10. Question that came up in a recent game: can Three Bells trigger even if one or more players do not have any characters? The card text, for reference: "Pay 1 and exhaust The Three Bells to have each player choose and sacrifice a character." My read is no, but I can see it either way. According the FAQ 1.5, "A player cannot trigger a card effect that requires him to choose a character, support card, or story card if there is no card of that type that he is able to choose." However . . . that may mean only that the triggering player must be able to choose a character; that is, a player may be able to trigger it if he has a character but his opponent does not (although it would be a rare case where that would be beneficial). Next question: can Ipiutak fire off Three Bells? My read is no, but again, I think it's close. Ipiutak reads "after a character you control was chosen as the only target of a triggered effect . . . " As far as I can tell, Three Bells will have two targets chosen (by two players). An alternate reading, however, would see Three Bells as triggering two effects, each of which has one character as the only target, which would allow Ipiutak to respond. Finally, not a Three Bells question, but related: can Ipiutak fire off Temple of R'lyeh? My read again is no, but again, I think it's vague. Temple clearly chooses the opponent as the target, with the opponent then sacrificing a character. There's only one character that is ultimately impacted, but I think technically it's not a target, as "choose" is not used in conjunction with it - unless it's implied? The faculty and students of Miskatonic University await the court's verdict with great interest.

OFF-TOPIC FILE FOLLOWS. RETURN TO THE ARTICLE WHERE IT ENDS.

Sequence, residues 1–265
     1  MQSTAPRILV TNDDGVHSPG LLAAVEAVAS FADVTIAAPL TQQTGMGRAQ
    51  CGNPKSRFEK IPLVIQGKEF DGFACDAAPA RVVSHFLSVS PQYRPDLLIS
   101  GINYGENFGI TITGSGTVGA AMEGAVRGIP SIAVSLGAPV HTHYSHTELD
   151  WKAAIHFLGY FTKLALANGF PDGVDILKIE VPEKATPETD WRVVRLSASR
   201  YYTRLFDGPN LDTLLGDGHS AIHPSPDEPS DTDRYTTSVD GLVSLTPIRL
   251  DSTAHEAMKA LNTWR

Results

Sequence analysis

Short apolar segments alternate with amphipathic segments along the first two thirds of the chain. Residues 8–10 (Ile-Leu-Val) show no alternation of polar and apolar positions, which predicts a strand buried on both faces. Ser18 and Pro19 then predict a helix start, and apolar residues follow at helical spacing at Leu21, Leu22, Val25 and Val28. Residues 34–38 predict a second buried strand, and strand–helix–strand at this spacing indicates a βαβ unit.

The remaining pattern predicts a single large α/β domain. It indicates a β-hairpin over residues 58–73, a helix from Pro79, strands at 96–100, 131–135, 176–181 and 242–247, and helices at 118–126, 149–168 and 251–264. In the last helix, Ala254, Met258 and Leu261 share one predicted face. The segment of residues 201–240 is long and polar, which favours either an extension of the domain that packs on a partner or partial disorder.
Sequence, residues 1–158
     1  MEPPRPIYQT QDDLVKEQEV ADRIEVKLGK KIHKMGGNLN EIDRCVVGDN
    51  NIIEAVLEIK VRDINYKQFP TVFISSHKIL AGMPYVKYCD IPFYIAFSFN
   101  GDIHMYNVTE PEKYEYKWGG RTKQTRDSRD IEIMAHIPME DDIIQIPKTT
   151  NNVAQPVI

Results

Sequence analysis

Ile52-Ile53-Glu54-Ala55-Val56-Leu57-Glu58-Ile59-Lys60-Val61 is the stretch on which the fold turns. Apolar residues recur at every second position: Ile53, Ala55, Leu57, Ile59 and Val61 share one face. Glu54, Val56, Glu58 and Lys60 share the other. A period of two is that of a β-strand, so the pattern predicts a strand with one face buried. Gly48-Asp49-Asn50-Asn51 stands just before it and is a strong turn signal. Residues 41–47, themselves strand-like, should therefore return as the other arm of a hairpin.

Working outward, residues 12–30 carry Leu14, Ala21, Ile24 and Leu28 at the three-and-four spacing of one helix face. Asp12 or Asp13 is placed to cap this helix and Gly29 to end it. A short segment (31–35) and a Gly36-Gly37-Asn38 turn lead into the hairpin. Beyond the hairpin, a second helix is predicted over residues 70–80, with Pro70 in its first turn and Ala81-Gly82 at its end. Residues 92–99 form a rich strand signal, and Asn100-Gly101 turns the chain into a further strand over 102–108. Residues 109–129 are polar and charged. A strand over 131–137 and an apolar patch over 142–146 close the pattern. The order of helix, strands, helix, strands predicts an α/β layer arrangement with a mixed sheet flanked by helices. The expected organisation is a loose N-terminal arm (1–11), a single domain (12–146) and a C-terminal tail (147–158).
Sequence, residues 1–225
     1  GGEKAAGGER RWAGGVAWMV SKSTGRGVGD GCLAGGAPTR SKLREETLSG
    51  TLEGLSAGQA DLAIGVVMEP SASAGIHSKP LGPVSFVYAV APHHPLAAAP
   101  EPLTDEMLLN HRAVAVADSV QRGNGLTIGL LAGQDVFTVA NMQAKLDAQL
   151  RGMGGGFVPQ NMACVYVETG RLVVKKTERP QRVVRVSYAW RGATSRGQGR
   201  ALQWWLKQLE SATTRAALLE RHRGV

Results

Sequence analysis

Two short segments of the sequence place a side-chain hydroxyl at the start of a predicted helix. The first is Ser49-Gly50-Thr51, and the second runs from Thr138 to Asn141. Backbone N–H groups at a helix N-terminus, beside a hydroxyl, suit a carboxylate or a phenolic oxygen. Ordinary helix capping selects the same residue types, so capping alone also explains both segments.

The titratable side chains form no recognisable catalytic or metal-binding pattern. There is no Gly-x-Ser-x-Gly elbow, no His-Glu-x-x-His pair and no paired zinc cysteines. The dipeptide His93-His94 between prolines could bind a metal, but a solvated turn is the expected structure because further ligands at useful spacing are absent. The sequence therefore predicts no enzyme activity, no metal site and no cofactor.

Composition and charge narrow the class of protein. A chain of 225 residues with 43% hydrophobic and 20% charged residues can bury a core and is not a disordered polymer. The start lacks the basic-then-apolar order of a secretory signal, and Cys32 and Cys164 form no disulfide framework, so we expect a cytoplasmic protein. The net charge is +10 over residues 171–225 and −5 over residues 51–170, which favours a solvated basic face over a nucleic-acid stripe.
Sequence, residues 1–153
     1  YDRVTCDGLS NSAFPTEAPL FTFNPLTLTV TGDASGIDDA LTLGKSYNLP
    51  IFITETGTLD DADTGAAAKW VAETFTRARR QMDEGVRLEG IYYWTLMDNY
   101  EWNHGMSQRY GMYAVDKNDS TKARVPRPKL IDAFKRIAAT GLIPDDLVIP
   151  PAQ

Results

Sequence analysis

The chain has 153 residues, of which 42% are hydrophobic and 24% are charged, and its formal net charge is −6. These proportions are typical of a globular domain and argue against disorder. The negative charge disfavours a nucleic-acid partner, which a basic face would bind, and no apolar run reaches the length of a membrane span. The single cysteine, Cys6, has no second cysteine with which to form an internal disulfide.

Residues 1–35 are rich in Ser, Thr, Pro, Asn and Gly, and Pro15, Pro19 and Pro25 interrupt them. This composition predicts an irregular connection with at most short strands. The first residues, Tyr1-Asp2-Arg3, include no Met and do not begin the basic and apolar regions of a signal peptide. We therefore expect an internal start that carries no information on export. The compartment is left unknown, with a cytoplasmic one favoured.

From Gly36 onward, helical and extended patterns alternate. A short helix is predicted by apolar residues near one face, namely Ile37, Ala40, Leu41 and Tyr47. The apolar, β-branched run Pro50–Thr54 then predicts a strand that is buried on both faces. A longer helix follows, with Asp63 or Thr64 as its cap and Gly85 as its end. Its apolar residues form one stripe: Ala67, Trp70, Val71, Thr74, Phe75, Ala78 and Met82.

11. Danigral said: Hmmm, Azathoth may slot into my ST/Yog deck. Between all the bounce and Path of Blood, it may be fairly consistent to trigger him. When playing against Hastur, he would probably be tucked away as a resource though… I'll have to try this against you next time we meet up. You aren't the only one building an ST/Yog deck.